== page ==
Bounty Is An App That Connects Smartphone Users With Nearby Gigs

An Istanbul-based startup called Twentify took the stage this afternoon at TechCrunch Disrupt London 2015 to talk about their gig-finding app Bounty, which helps people find nearby small jobs they can do for extra cash. As the winner of the TechCrunch Disrupt Startup Alley Wild Card position, the co-founders only had a few hours notice to prepare their presentation before today’s Battlefield judges.

The Wild Card spot is selected by a combination of audience voting and editorial curation, and gives those with a booth in the Alley a shot at the big stage – and the Disrupt Cup. Twentify won its spot by a landslide, and the co-founders admitted they asked everyone they knew to vote.

Similar to U.S.-based apps like Gigwalk or Field Agent, the idea behind Bounty is to provide a bridge between companies and smartphone users, explains Twentify CEO Ilker Inanç, who was joined this afternoon by CMO Çaglar Bozkurt.

The founders said they were originally interested in doing a startup focused on crowdsourcing, but later realized that leveraging the power of the crowd via a mobile application is what held the most potential.

Like its competitors, Bounty users can browse for nearby jobs – “gigs” – using a map interface, or they can be notified when they’re close to a paying position.

These jobs range anywhere from a dollar up to $30 or $40, depending on the complexity involved. For example, a company may want someone to take photos of their billboard or check the pricing or inventory levels on a store shelf. However, while most of Bounty’s rivals are primarily focused on the retail industry, Bounty has differentiated itself by also offering other types of gigs.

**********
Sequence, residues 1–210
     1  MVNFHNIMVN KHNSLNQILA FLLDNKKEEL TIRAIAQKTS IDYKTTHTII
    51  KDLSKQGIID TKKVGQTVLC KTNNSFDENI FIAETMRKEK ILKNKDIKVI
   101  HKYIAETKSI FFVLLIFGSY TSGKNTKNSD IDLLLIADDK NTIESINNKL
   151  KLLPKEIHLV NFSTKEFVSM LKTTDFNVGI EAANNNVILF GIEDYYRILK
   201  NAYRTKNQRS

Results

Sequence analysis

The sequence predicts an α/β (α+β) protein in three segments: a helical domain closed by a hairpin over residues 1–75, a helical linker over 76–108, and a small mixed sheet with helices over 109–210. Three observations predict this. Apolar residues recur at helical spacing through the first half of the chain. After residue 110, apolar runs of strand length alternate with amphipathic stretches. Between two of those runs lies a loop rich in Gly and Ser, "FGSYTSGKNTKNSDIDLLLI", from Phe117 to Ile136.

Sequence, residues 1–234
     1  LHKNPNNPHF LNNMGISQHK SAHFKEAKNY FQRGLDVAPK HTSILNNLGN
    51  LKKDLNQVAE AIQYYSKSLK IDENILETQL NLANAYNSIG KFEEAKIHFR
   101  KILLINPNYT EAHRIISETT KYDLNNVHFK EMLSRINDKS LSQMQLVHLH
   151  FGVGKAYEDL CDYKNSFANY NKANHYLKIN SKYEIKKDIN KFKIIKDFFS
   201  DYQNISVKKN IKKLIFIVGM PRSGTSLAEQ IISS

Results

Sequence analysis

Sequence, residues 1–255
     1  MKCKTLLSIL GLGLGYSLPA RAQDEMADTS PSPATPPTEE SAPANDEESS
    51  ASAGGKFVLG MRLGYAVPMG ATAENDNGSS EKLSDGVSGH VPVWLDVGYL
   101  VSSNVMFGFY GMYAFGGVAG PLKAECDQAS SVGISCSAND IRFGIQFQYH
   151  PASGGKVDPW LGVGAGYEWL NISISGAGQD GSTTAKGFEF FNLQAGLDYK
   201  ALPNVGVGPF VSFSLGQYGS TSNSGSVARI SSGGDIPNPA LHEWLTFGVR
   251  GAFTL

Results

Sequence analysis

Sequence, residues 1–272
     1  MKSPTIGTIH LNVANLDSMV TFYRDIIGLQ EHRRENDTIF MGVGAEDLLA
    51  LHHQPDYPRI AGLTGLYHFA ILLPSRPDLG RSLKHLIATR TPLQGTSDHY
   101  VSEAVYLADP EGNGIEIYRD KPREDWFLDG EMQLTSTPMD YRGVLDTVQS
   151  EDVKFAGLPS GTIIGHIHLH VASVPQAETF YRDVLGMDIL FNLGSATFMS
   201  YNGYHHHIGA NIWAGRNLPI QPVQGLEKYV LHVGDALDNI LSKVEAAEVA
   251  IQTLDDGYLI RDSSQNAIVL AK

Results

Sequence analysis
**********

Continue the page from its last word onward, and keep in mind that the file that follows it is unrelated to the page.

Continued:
For example, the app is also used for lead generation purposes by utility firms, security firms and banks, in addition to things like mystery shopping, field audits, price tracking and market research.

While ultimately the app is a way for users to make some extra pocket money, its top user is now bringing in $2,000 per month doing gigs through Bounty. Meanwhile, Twentify makes money by charging a commission on the gigs it hosts on its platform.

Currently, the Bounty app has 70,000 users doing jobs for 40 customers in Turkey, Canada and Mexico. The founders explain that their plan is to expand globally in the months ahead, and specifically will target developing markets like India, Russia, Brazil and Indonesia where the competitive landscape is less dense than in the U.S. The aim will be focusing on countries that have high GDP’s but lower GDP’s per capita, says Inanç.

Founded in February 2014, Twentify is backed by $1 million from TRPE Ventures and is planning to raise again in 2016 to fund its expansion efforts.

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